There isn’t a proposition in this advertising, it is ‘puffery,’ shallow thinking by the agency team, almost coming across as naive. The missing element is quite how Virgin Trains can claim it’s ‘bound for glory.’ It’s missing because this was made up in a cool meeting room in the East End. A real proposition would show travellers why they should choose Virgin Trains, one that in a perfect world leverages truths such as comfort, speed, cost, and so on. This is, to repeat, an assertion without a single shred of evidence and I would bet the current TV work will consigned to the bin in due course. (1/10)
Next is Trebor mints, which seems to be on air all the time. It’s the one with young man/son with dad sitting in front of his fire in a high-backed chair. We viewers can’t see the dad at this point. The boy stands in the doorway and confesses he likes Trebor soft mints rather than extra strong. The dad breaks a glass he is holding, turns to face the son and shouts “Noooooooooo.”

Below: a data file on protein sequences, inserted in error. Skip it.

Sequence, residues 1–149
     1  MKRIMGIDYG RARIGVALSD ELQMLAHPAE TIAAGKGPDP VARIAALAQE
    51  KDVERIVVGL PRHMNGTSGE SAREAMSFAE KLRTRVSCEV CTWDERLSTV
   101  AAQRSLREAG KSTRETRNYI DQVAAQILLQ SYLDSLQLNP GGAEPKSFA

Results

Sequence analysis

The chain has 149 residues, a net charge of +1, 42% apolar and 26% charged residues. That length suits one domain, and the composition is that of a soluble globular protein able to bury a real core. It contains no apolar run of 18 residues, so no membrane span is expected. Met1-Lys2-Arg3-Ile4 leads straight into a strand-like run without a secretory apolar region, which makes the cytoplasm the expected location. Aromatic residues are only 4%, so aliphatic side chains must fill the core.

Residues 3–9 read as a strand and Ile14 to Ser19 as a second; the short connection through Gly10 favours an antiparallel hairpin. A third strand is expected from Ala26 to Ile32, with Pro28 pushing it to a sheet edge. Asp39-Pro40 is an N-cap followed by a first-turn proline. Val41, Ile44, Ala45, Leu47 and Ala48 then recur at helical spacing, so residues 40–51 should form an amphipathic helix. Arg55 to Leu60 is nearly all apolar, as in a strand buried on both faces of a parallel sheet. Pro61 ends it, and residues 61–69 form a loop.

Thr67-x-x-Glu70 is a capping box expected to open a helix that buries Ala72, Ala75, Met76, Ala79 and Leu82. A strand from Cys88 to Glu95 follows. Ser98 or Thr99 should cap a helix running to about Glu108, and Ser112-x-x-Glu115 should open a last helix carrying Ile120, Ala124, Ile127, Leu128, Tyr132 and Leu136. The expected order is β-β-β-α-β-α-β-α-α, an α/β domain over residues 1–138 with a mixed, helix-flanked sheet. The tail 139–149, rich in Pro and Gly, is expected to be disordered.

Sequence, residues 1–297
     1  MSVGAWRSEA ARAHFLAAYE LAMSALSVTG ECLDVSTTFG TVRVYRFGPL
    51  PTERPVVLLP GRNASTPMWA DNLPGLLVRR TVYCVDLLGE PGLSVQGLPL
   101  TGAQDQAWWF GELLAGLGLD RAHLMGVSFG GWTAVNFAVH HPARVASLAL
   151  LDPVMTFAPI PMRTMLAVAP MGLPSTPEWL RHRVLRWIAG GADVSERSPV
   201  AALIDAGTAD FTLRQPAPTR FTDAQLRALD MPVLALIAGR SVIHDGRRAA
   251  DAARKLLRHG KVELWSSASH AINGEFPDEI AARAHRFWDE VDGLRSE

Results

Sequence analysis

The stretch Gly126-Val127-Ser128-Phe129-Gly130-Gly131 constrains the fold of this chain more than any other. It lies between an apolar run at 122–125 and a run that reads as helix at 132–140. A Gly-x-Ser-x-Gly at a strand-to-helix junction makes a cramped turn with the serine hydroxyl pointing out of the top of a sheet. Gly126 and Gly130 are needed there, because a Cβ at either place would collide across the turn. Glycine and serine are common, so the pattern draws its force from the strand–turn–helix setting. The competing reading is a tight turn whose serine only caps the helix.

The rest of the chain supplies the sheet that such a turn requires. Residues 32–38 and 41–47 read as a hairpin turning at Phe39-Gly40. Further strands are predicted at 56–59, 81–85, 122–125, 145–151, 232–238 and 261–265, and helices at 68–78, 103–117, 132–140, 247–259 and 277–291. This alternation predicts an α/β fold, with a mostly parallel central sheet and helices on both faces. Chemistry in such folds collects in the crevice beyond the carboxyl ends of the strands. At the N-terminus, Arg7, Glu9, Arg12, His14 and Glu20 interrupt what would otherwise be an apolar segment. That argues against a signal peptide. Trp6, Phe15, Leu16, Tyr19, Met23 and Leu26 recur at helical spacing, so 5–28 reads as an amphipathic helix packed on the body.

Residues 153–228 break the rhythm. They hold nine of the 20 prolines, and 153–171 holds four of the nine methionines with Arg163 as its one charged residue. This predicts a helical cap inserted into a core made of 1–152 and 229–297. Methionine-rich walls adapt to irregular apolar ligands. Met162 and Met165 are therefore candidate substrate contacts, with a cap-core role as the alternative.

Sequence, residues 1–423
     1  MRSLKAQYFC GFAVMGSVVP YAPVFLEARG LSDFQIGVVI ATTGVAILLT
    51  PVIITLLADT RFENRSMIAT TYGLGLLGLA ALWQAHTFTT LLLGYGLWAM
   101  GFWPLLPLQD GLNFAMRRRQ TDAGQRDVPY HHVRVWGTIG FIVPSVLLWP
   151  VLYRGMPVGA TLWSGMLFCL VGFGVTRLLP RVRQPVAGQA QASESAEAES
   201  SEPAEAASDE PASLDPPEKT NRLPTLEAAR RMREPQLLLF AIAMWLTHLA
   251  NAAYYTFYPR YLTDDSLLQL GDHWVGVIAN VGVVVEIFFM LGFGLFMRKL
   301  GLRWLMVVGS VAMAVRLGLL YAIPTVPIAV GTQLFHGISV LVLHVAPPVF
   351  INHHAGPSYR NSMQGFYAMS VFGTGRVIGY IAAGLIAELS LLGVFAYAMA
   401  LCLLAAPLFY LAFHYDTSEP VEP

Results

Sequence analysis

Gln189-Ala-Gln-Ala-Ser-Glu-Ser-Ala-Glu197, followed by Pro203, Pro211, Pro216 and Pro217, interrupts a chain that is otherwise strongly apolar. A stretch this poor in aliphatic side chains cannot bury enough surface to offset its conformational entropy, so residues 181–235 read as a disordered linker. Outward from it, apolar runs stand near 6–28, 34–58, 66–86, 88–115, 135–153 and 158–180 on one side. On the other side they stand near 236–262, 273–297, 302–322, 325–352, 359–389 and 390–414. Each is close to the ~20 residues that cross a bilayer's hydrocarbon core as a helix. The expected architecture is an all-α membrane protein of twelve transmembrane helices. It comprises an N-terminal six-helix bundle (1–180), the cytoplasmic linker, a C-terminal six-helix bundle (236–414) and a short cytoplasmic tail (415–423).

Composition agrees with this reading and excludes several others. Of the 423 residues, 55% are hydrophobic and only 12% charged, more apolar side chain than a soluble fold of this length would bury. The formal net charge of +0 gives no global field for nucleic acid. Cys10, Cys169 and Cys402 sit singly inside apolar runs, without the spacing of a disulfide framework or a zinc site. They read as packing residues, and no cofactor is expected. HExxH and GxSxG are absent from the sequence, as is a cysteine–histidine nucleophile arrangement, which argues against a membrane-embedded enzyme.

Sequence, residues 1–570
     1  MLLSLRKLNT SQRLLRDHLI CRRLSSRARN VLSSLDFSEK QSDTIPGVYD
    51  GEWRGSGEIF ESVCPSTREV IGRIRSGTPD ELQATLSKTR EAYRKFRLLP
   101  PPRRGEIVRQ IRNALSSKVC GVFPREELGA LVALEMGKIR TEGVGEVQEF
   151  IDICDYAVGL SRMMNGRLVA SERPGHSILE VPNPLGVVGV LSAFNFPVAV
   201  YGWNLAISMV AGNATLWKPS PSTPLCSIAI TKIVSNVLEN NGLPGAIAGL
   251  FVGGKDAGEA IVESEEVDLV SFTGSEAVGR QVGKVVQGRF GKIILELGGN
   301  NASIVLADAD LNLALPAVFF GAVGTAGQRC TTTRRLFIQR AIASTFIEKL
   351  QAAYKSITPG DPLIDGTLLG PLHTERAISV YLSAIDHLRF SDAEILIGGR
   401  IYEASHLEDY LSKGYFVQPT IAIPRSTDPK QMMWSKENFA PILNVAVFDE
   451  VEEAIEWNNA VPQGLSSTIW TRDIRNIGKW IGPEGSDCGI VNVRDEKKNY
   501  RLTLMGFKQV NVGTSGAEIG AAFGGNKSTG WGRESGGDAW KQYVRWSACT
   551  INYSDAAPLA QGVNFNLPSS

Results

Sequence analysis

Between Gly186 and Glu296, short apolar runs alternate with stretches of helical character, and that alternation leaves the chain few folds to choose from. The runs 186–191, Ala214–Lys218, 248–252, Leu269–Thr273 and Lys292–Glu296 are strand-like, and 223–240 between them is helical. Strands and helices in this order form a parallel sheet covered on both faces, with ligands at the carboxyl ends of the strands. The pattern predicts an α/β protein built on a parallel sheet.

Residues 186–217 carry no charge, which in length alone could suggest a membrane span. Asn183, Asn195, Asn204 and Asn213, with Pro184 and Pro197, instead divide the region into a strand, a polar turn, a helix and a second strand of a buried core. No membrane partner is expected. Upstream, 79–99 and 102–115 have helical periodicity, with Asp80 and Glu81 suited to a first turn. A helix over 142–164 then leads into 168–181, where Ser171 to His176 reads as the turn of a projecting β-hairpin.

That’s bad enough but, to add to it, dad’s head is shaped like an extra strong mint.
What on earth is this all about? It’s a toe-curling blot on the creative reputation of the UK. (-3/10)
This is an important lesson for clients who believe that dramatising product variants is a good idea. It never is as it simply confuses the communication. If you sit in a room with people at the top of their game in advertising they will agree on a big challenge and keep the brief down to one claim. Clients, though, are usually keen to have a list of benefits and agency teams can cave in when they can’t get the client to agree on a single claim.
A convincing proposition will be diluted the instant more than one claim/benefit is added.
Example three is the newish campaign for the Lottery. I’m very surprised this has managed to escape from AMV/BBDO – and apologies to my friends in this fine agency.
The idea itself is rather contorted. We have Piers Morgan behaving like a megalomaniac – in character maybe – but why should we rush out and buy lottery tickets so Piers doesn’t win? What?